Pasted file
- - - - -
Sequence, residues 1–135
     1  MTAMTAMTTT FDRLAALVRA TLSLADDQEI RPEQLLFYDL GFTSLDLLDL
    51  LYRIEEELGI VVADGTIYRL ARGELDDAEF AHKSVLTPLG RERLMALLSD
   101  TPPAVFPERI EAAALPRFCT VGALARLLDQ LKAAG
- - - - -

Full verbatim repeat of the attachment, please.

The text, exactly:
Sequence, residues 1–135
     1  MTAMTAMTTT FDRLAALVRA TLSLADDQEI RPEQLLFYDL GFTSLDLLDL
    51  LYRIEEELGI VVADGTIYRL ARGELDDAEF AHKSVLTPLG RERLMALLSD
   101  TPPAVFPERI EAAALPRFCT VGALARLLDQ LKAAG